A solid phase bound library of 512 different but structurally related receptors 7 was therefore synthesized using a standard Fmoc-procedure and a split-mix approach [21] (Boxes 11 and 25). In each of the three coupling steps eight different amino acids were used; these were selectively chosen to provide a range of structurally varying hydrophobic or steric interactions. In the second step each of the various 512 different tripeptides thus obtained was coupled with the guanidinio-carbonyl pyrrole binding motif. The advantage of such a solid-phase-bound combinatorial receptor library is, besides the fast and time-saving synthesis, that the whole library can be tested for a specific feature, in this case its binding properties towards the tetrapeptide substrate, in a single experiment [22]. For this purpose a fluorescence label in form of a dansyl group was attached via a water-soluble spacer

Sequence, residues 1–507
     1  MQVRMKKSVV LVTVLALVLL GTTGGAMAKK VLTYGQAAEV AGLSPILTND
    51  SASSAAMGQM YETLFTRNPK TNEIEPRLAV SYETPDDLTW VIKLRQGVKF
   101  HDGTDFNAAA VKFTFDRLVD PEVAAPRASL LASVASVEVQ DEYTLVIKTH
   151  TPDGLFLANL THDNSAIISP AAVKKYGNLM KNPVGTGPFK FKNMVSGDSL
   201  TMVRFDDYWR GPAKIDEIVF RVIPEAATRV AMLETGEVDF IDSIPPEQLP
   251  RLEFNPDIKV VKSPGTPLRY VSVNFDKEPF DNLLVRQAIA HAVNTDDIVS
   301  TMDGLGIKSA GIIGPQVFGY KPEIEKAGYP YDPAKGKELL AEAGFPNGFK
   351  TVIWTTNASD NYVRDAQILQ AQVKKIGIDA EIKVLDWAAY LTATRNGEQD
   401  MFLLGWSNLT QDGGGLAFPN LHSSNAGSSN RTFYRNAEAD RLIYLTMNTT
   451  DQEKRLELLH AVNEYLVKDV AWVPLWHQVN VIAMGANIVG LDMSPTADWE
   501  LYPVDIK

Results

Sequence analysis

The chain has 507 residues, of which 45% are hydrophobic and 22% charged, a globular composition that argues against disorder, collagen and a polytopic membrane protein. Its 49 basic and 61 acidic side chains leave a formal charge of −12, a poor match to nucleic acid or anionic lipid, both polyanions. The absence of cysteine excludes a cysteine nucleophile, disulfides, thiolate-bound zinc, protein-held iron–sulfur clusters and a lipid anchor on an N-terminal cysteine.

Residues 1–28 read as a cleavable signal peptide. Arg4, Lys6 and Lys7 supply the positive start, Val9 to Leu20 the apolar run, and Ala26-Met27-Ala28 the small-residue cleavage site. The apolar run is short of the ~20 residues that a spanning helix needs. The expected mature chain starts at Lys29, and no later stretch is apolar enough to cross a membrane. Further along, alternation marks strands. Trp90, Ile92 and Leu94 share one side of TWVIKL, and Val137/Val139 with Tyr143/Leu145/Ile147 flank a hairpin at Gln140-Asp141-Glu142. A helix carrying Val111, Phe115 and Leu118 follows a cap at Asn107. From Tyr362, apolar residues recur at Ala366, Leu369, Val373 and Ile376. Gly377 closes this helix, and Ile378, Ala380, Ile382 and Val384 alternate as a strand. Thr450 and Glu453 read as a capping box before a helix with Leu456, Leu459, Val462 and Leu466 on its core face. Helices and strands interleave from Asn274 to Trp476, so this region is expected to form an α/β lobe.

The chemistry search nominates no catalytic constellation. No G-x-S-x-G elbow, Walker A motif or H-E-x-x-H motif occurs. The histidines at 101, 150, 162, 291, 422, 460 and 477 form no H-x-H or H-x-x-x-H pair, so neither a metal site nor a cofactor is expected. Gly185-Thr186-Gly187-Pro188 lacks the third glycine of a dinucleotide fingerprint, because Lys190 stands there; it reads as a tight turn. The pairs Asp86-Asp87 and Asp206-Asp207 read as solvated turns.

2.3.4 Binding of Small Oligopeptides | 149 labeled substrate ^ UV h9ht

2.3.4 Binding of Small Oligopeptides | 149 labeled substrate ^ UV h9ht

receptor library bound on solid support

Fig. 2.3.9. Fluorescence binding assay.

receptor library bound on solid support

Fig. 2.3.9. Fluorescence binding assay.

to the N-terminus of the tetrapeptide substrate. After incubation of the library with this labeled substrate, a simple UV-assay can be used to identify efficient receptors (Figure 2.3.9). Only those beads on which the attached receptor is capable of bind the peptide can show the characteristic fluorescence of the dansyl group. All the other receptors which do not bind the peptide under the specific experimental conditions remain dark.